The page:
I can see a sexist undercurrent in asking an all-female creative team to write only female characters, and I appreciate the freedom they gave these teams, but as reader and as far as my interpretation of this event goes: I’d have liked to have seen it restricted to female characters. The book I’ll be reviewing some ways down has three Wolverine stories. So it’s good to know the female writers want Logan’s cock inside of them as much as the males do – but I read enough of Wolverine in two Avengers books, five X-Men books and three Wolverine books. I didn’t need a celebratory anthology to show 50% of its stories with Logan in it. Really.
There’s no question that female characters, at Marvel, are underrepresented. Ms. Marvel got cancelled. A great character in a terrible book that reduced her to a SUCCESSFUL GEN X BUSINESS WOMAN WITH A SUBTLE FEMINIST UNDERTONE carbon copy of a character cut-out. Spider-Woman got cancelled because Alex Maleev didn’t want to draw her anymore. Guys! DC have a Supergirl book which, while weak right now, is generally fantastic, a Powergirl book that is generally fantastic, a Zatanna book that is generally fantastic, Batgirl, Birds of Prey — a book about a TEAM OF GIRLS plusHawk. What does Marvel have? One or two strong female characters supporting the male characters in team books.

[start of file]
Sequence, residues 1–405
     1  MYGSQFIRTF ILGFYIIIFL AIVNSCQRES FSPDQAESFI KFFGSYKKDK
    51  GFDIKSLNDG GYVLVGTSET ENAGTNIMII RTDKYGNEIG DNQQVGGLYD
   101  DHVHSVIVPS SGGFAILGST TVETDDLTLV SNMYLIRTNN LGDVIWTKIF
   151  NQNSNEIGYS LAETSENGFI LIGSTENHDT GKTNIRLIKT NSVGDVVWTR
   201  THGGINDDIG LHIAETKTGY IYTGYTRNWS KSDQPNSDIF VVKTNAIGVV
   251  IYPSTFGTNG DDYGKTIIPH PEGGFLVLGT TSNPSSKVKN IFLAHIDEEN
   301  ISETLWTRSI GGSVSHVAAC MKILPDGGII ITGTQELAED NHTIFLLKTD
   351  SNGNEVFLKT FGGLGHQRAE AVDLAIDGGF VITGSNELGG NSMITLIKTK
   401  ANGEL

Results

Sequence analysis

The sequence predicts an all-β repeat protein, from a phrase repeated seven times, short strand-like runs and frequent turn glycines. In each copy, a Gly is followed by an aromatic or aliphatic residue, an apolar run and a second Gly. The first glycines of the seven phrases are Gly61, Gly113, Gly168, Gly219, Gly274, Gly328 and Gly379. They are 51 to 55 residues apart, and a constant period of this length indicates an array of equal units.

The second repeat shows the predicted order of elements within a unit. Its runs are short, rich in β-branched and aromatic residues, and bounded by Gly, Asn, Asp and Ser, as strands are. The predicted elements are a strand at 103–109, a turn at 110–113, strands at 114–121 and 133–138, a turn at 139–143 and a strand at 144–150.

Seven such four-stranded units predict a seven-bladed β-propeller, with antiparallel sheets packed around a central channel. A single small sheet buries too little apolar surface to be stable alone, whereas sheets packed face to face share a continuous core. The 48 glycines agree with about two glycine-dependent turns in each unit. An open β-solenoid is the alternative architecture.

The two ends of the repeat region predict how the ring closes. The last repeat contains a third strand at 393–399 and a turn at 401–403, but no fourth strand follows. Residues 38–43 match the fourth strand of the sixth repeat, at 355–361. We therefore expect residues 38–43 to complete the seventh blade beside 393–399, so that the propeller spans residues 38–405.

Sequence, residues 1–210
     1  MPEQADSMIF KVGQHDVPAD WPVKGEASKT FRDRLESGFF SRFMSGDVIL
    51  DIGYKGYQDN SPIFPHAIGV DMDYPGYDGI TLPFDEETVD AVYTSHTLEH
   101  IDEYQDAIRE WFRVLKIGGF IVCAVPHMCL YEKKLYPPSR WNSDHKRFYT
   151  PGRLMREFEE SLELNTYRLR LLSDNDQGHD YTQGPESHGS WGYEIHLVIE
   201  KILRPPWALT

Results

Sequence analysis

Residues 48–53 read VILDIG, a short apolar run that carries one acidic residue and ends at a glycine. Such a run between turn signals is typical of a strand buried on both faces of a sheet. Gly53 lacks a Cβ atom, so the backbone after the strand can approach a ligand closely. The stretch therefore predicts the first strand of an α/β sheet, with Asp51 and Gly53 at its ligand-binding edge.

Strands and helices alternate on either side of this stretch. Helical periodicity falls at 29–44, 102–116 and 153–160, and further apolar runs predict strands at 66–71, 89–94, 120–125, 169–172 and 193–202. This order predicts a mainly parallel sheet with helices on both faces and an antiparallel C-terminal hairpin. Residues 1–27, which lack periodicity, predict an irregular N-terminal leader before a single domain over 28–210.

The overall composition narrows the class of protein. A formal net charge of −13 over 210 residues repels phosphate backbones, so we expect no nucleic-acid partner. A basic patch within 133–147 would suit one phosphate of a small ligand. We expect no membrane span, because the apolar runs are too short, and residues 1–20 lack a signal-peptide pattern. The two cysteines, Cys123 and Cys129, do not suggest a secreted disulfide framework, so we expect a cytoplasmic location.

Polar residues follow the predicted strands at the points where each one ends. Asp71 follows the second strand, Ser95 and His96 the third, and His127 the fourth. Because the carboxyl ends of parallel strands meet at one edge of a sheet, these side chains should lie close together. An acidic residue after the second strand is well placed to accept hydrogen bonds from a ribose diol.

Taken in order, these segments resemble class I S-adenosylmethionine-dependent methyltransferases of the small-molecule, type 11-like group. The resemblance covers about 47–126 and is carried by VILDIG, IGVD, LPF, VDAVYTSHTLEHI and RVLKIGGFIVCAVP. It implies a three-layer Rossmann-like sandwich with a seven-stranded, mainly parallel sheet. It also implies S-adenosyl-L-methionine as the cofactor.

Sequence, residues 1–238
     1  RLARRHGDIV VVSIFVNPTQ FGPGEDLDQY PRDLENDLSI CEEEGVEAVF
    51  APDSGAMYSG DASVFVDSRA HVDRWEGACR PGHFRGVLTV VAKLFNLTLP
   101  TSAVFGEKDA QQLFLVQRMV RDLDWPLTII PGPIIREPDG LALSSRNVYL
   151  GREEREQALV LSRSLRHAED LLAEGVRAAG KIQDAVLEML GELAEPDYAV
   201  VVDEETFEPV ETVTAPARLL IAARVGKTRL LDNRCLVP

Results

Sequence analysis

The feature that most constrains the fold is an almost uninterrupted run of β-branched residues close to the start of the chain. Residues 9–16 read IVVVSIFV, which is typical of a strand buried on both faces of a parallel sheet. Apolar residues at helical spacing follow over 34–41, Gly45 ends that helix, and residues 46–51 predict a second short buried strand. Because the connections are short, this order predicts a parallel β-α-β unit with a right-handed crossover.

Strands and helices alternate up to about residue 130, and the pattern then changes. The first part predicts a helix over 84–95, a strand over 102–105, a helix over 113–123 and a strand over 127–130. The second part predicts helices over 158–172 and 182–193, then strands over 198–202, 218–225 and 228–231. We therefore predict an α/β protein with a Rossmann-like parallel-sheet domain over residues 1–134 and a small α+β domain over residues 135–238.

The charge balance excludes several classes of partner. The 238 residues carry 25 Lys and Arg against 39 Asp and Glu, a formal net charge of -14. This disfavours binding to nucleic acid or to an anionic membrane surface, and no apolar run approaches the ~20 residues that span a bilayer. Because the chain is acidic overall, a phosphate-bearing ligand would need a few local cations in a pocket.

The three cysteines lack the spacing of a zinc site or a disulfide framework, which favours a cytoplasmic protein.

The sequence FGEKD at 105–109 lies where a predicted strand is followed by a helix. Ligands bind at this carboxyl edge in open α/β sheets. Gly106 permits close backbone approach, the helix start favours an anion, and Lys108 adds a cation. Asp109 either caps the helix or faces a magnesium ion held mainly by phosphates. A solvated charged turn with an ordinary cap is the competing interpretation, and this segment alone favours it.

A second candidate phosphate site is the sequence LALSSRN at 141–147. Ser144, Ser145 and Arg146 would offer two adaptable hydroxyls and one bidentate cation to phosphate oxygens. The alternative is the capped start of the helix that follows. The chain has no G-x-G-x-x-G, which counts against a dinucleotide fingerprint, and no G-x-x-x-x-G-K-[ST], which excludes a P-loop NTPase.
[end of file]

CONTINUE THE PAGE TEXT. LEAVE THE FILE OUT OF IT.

Girl Comics #3 wasn’t a good anthology. The first page made me cringe. It looked and read cheesy. The story that followed made me uncomfortable. It was about Logan and Jubilee and it was just… awkward. I understand their paternal and platonic relationship but… I could feel the sexual tension and it made me judge Logan and I didn’t like the way Jubilee looked and it just, the story failed. Then there was a Power Pack story. Whatever guys. The next story was a very bad Magneto and Wolverine skit with very bad pencils.
I don’t even want to acknowledge that the next story even exists; it used ASCII emoticons in dialogue. GUYS GIRLS, YOU’RE WRITING FOR A VISUAL MEDIUM. EMOTIONAL FACIAL RESPONSE ARE INHERENT IN YOUR OBLIGATION TO DRAW YOUR STORY, THUS RENDERING THE USE OF EMOTICONS IN TEXT WHOLLY REDUNDANT.